|Daniel Rust RPG Superstar 2012 Top 8|
Andrew Marlowe wrote:
Now that we're forced to wait and everything is out of my hands I'm starting have jitters and worries. Anybody else having issues?
I actually feel surprisingly calm. All my nervous energy was used up in a last minute dash to the line last night. I thought I'd be obsessing about what could have improved my entry but I feel like a line has been drawn under it. Life is all about monsters now.
The difference this round is, you know your name is going to be up there come Tuesday. We're all still in there for another week at least. I'm going to try not to stress and just enjoy it.
We'll see how I feel when the first critiques come in...
Sean K Reynolds wrote:
Now that is why I want to be part of this. That's a seriously motivational speech. I'm both terrified and thrilled that you and the other judges will be tearing my next entry apart to find both the good and bad in it (let's hope you find more of the former).
Putting my work out there for all the gaming world to see and analyze is a real buzz. I reckon this competition is as much about character as anything else. Can you take all that criticism and turn it into a whole can of awesome the next time 'round? I think we're going to see some pretty special entries as the competition goes on, judges initial comments notwithstanding.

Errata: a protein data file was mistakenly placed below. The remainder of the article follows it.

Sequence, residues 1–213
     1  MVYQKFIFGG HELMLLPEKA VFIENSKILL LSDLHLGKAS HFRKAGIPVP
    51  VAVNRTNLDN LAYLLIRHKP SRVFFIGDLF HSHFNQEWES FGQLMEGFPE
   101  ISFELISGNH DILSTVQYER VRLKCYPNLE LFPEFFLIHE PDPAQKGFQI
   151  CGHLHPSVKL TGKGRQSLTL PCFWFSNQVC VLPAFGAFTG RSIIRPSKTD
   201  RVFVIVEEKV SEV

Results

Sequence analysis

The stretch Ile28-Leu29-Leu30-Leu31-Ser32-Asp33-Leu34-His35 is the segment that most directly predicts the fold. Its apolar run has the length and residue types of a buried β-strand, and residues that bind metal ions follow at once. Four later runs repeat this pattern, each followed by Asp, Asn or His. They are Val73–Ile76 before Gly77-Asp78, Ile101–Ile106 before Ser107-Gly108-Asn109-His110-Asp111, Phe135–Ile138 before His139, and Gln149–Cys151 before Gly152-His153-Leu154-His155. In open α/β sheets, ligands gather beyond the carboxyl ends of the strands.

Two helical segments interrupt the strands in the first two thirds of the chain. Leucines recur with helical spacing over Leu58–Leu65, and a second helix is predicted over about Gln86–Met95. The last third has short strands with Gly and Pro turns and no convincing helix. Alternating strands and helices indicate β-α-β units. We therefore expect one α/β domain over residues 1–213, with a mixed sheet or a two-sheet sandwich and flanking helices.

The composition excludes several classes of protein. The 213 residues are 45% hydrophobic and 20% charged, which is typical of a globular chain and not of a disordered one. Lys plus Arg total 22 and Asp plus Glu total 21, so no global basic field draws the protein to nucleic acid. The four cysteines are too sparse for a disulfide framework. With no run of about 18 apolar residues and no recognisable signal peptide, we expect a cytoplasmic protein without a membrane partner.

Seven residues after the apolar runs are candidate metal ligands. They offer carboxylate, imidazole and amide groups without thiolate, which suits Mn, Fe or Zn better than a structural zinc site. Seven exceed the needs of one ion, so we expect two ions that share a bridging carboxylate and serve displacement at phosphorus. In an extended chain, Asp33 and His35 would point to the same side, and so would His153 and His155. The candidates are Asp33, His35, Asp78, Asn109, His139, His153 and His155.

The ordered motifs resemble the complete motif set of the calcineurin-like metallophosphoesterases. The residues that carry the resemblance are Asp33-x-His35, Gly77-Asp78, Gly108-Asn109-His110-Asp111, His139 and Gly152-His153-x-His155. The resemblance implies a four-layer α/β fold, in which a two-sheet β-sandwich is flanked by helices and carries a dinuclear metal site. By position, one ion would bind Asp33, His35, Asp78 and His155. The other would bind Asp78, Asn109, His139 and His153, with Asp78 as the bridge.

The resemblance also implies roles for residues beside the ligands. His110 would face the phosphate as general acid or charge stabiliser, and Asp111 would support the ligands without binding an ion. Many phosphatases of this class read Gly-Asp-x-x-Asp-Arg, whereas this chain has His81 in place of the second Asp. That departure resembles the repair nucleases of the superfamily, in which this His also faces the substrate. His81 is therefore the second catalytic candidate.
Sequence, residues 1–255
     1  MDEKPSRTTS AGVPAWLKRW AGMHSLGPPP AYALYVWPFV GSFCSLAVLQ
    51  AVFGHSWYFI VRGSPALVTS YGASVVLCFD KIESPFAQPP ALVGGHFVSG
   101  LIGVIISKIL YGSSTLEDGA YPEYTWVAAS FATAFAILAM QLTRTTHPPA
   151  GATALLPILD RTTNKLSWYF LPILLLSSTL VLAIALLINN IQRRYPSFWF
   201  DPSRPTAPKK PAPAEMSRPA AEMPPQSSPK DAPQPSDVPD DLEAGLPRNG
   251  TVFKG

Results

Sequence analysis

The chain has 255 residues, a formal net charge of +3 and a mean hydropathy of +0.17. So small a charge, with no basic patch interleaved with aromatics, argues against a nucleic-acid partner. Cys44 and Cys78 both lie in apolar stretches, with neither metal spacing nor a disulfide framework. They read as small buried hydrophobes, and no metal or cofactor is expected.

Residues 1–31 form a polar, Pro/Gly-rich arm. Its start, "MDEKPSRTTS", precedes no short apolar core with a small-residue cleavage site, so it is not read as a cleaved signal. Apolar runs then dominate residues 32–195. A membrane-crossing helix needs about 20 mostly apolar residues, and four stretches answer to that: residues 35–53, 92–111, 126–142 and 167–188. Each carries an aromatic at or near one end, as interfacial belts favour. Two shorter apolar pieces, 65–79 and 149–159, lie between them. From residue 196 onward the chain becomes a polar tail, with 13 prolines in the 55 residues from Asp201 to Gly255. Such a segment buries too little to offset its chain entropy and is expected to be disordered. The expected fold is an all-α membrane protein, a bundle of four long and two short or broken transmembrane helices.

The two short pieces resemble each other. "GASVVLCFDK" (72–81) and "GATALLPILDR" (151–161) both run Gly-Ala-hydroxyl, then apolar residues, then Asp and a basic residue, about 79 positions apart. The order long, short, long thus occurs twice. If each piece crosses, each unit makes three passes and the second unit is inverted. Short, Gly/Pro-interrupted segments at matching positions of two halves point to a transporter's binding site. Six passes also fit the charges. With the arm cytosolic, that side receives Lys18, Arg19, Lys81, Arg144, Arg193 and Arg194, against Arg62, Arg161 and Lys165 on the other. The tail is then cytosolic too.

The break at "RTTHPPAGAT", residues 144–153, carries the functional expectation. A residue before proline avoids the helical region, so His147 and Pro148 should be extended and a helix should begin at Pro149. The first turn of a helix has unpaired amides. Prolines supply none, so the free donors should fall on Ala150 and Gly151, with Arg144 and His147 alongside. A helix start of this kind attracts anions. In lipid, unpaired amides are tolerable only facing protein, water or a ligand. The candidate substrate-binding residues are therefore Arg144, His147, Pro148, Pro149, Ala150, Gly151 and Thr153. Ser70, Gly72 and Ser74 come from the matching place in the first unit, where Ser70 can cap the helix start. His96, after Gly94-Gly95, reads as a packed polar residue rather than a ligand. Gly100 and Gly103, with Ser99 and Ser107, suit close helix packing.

What have you lot been up to while I've been away? Smurfs and Jacobs everywhere.
So, I got mine in with 17 minutes to spare. Cutting it a little too fine for my liking!
As far as GM/Player goes, I'm generally the GM these days (although I'm taking a short break from GMing Kingmaker to play in a game of Mage: The Awakening for a change). I was a player a lot though, in the 3.x years. Come to think of it, I usually GM'd back in 2nd Edition and I only ever played 1st. Guess I like to skip roles with every edition.
Jacob Trier wrote:
I know exactly how you feel. Good luck with it. At least we have what feels like an extra evening here in Europe. A 10pm deadline is a much better prospect than 2pm.
Mikko Kallio wrote:
Make that four. Another Brit here. One who is still a long way from finishing their round 2 entry!
Jacob Michaels wrote:
Daniel, I had the same thought. I was holding off so I didn't get my hopes up too high, though I couldn't help but daydream/brainstorm this morning as I was walking the dog. She may get some really long walks in the next couple days as I finalize my next submission.